Score: 6 (10 is max.)
Summary: Astonishing real story of a woman falsely accused of adultery in the sharia Iran of 1986 after the Islamic revolution dictatorship. Based on best seller by Iranian French journalist Freidoune Sahebjam.
Review: Soraya (Mozhan Marnò) lives in a dead end small shah Iranian village with his four children and separated from her husband, Sahebjam. His husband, an ex prison officer, wanted to marry a 14 year old girl but he didn’t wanted to pay for both wives.
For this reason, Soraya finds refuge at her aunt’s, Zarha (Shohreh Aghdashloo) who treats her like her own daughter and veils for her interest and safety.
Under beatings and verbal violence, he ostracizes his wife and places his two sons against her and everybody he knew at the village. Two other key players in the village, the mayor and the spiritual leader, will help the husband to create a plan so this one can gets rid of the woman abiding the sharia laws. The spiritual leader himself was an ex convict, never making it to the religious school and always threaten by Sahebjam if the mullah doesn’t fulfills his will.
After a neighbor’s wife sudden death, Soraya is impelled by the mullah to go and serve the left alone widower. In this perfect set, Sahebjam will accuse Soraya of sleeping with the neighbor, what all she did was faithfully serve the neighbor as indicated.
According to Islamic law, the husband will need another witness in order to go forward with his plan of killing his wife, and this will be the poor neighbor, after he was threaten by the mullah of sending his differently able child to a mental institution.
The set is set, the mullah calls the regional revolutionary guards to retain Soraya, while the whole village prepares with joy to the fun event for all the family of a dilapidation or stoning, God forbid, all according to what G’d (Allah) “wants”.
Meticulously they would gather and testify, falsely against Soraya, so the process can begin. And so it does, among the excited villagers: kids gather with diligence stones of the proper size, the mayor will measure the distance from the ditch dig and where the killers are to stand when throwing the stones.
One by one, they are given stones by the mullah beginning with Soraya’s father, her husband, her two sons, the mullah, and the rest of the village. All filled with hatred and “Allah hu Akhbar!”, all celebrate this carnival of blood and cruelty claiming to follow G’ds will.
In the midst of this, the following day, a journalist will step into the village in order to fix his car flat tire. Zarha will contact him and record in a cassette a narration of the murder of her niece. The mullah and the mayor wanted to retain the young journalist for they knew Zarha told him the whole story, so they frisk him and only then let him go. Zarha would wait for him at the exit of the town with the audio cassette with the recording in her hand so when her confident passed by, she gave it to him, to the astonishing eyes of the whole village. Thanks to this, French-Iranian journalist Freidoune Sahebjam’s will publish in 1990 “La Femme Lapidée”. The book was banned in Iran, but the whole story of the murder of Soraya M. is no longer a local Iranian one.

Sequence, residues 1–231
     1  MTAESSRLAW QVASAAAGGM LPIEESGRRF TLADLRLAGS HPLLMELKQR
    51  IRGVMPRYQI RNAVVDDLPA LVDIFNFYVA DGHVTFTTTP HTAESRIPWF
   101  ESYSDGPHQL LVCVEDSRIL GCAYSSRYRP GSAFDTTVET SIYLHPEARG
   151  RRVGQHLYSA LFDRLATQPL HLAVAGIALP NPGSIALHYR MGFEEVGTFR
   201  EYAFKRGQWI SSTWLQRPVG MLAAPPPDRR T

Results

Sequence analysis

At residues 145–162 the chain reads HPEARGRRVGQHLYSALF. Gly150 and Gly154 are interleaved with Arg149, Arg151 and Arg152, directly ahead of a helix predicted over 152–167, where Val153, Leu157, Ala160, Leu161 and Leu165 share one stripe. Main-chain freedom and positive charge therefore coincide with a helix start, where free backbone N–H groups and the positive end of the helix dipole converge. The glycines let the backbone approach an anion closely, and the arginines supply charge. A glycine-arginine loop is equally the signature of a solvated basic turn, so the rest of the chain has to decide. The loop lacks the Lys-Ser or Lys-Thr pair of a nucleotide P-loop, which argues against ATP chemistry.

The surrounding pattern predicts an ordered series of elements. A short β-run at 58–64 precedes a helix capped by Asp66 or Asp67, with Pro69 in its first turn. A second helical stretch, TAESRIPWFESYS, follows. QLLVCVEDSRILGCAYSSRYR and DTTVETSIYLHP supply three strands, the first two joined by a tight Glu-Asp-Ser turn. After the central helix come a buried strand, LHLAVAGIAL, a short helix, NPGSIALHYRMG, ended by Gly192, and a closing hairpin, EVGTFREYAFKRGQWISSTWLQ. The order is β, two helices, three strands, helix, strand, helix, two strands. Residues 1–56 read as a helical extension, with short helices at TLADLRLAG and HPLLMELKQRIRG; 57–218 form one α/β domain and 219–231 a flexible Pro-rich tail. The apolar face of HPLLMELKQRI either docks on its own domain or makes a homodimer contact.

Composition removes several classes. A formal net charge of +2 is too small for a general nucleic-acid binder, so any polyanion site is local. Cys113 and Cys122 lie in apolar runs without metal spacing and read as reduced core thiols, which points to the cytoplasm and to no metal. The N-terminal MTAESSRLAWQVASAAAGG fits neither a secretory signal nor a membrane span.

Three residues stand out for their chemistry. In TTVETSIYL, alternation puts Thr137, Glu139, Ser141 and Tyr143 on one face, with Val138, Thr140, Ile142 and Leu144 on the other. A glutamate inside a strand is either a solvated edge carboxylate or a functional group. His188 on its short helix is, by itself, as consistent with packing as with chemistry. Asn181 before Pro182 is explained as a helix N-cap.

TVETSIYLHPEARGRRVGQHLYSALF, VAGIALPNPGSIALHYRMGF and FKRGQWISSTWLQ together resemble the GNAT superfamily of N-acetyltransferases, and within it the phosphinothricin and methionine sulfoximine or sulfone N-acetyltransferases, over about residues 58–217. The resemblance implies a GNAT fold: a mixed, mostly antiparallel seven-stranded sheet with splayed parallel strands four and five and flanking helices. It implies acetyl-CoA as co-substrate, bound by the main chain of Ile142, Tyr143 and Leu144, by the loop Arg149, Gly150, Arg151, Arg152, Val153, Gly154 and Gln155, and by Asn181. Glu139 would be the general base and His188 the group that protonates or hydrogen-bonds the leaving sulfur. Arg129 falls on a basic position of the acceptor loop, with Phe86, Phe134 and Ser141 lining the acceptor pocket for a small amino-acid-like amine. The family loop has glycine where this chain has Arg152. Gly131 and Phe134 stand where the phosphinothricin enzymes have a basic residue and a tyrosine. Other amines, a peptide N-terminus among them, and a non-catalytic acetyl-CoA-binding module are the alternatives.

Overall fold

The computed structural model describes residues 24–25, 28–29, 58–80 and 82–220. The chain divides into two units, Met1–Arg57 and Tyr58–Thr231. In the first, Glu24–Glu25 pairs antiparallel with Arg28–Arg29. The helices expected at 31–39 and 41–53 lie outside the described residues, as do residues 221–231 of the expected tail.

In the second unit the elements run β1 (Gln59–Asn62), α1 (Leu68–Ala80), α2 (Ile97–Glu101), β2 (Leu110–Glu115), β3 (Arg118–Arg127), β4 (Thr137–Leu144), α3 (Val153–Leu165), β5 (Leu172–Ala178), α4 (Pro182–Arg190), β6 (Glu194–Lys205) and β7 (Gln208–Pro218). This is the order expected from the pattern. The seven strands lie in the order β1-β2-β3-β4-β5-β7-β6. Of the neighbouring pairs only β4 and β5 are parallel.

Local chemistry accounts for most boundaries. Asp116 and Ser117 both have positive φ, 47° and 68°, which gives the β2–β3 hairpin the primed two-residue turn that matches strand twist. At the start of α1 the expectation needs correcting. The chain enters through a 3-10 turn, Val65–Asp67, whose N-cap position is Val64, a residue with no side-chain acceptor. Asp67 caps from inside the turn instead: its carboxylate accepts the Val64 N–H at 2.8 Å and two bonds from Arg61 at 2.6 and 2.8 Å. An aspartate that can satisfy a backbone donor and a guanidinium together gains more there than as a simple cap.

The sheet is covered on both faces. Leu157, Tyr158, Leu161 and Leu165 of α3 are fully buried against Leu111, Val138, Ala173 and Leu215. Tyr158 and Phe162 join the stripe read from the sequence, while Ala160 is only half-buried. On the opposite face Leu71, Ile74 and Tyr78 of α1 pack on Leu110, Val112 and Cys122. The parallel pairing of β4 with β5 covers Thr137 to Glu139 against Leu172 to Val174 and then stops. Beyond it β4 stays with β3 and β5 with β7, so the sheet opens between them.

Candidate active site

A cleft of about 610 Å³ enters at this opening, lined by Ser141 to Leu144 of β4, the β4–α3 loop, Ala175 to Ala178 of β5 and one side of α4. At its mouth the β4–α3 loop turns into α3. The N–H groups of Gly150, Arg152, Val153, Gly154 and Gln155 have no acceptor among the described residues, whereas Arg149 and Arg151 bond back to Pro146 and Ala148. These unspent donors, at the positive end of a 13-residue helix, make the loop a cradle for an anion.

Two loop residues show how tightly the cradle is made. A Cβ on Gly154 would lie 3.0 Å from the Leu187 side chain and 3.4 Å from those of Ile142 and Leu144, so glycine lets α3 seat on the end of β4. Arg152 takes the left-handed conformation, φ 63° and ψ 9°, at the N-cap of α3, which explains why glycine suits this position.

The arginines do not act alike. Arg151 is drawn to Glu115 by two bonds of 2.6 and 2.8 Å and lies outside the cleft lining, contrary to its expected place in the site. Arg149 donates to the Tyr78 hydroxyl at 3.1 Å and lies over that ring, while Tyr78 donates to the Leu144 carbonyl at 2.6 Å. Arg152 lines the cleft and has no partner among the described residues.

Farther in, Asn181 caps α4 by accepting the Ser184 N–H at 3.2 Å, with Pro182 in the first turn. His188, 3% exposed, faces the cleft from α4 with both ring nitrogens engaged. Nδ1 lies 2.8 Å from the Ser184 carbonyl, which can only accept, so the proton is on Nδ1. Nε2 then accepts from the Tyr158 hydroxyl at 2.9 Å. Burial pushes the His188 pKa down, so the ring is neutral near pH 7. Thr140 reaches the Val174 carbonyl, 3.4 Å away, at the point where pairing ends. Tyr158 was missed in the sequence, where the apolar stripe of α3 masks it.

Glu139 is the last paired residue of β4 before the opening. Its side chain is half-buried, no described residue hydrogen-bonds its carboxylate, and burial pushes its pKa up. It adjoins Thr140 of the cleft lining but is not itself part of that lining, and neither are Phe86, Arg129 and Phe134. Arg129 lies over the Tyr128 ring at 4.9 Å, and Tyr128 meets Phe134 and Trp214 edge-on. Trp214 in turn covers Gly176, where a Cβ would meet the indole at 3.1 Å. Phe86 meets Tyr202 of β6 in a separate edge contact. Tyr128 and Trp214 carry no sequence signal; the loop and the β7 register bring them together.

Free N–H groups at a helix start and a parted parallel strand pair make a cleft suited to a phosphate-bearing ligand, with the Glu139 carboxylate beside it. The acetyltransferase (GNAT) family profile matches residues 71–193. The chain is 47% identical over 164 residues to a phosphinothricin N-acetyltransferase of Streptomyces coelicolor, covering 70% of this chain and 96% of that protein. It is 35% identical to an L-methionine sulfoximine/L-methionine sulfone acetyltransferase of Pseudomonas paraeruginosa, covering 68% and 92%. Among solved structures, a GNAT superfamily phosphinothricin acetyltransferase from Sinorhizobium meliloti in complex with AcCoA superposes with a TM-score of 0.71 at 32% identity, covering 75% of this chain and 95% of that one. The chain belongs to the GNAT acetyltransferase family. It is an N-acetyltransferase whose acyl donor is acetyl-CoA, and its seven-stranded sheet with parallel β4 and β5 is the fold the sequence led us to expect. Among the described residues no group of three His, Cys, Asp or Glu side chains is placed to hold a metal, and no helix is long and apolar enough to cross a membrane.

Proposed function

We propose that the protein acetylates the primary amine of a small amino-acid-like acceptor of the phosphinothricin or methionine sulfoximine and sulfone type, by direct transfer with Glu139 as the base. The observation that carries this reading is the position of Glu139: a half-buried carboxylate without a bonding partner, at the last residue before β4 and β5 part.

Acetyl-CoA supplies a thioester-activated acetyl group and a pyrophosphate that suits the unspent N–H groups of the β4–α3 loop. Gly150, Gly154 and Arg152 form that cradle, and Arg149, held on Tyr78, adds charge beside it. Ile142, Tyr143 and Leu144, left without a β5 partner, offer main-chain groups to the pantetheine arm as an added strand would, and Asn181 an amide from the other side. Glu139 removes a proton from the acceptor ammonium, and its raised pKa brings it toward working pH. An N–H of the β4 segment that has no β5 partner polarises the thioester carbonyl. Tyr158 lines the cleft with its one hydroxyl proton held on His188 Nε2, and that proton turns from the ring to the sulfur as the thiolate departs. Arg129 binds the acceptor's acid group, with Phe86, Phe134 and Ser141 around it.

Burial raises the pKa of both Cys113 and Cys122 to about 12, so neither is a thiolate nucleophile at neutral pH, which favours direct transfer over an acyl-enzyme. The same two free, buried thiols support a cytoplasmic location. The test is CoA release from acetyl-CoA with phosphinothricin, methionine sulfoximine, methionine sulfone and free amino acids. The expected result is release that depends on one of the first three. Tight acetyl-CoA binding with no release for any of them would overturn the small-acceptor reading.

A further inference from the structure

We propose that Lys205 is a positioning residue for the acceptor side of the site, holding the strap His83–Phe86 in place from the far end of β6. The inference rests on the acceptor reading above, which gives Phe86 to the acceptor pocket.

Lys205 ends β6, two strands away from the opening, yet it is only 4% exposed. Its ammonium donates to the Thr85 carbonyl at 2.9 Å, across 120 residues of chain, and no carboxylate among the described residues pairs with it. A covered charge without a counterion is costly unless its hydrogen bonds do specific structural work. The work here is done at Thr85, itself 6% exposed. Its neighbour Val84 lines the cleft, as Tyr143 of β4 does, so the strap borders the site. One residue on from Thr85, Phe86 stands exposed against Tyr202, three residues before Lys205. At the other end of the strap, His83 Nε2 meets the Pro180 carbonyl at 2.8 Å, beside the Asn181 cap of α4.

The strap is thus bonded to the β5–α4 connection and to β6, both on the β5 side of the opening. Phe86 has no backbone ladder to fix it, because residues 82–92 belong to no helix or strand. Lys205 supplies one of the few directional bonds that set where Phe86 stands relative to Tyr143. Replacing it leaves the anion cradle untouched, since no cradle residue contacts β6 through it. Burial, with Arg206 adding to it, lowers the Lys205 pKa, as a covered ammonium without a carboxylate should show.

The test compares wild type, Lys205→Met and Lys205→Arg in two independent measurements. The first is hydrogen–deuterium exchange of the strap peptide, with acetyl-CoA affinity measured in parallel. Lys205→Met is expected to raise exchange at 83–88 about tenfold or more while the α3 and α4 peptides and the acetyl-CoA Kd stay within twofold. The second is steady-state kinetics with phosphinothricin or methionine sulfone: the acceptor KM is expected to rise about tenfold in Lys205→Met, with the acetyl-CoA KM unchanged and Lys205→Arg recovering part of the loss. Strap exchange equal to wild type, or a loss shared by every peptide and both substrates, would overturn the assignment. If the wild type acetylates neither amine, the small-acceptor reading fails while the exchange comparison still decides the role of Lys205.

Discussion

Critic: I remember Shohreh Aghdashloo in 2003 “House of Sand and Fog” as the wife of the ex Iranian shah colonel, and then I knew I was in front a a character actress. Though, as many foreign personal working in Hollywood, many of the parts played fit the American stigmatization, and thus in these two movies, Shohreh plays as well an Iranian woman, of a strong character and will, intelligent, independent after her husband passed away, and smart enough to play with the only tools left to a woman after the Islamic revolution. She put down the mayor’s offer of remarrying her and preferred to keep her autonomy. She will fight against the wrong doings of her primitive and otherwise barbarians co-religionists. She will stand against the mullah, when he comes to Soraya asking her to marry him after she divorces Sahebjam.
If I were the director, I would have taken as topic of this movie, a real woman cheating on his husband and still the movie will be cruel. I wonder whether we are justifying the cruelties of the sharia laws appealing to the fact that she was innocent, otherwise, “it would be fair to stone her”
Other pictures related to the topic:
2.- Interview with Shohreh Aghdashloo (Zarha):
3.- TV interview with director Cyrus Nowrasteh:
4.- Another interview with movie’s main character, Zarha: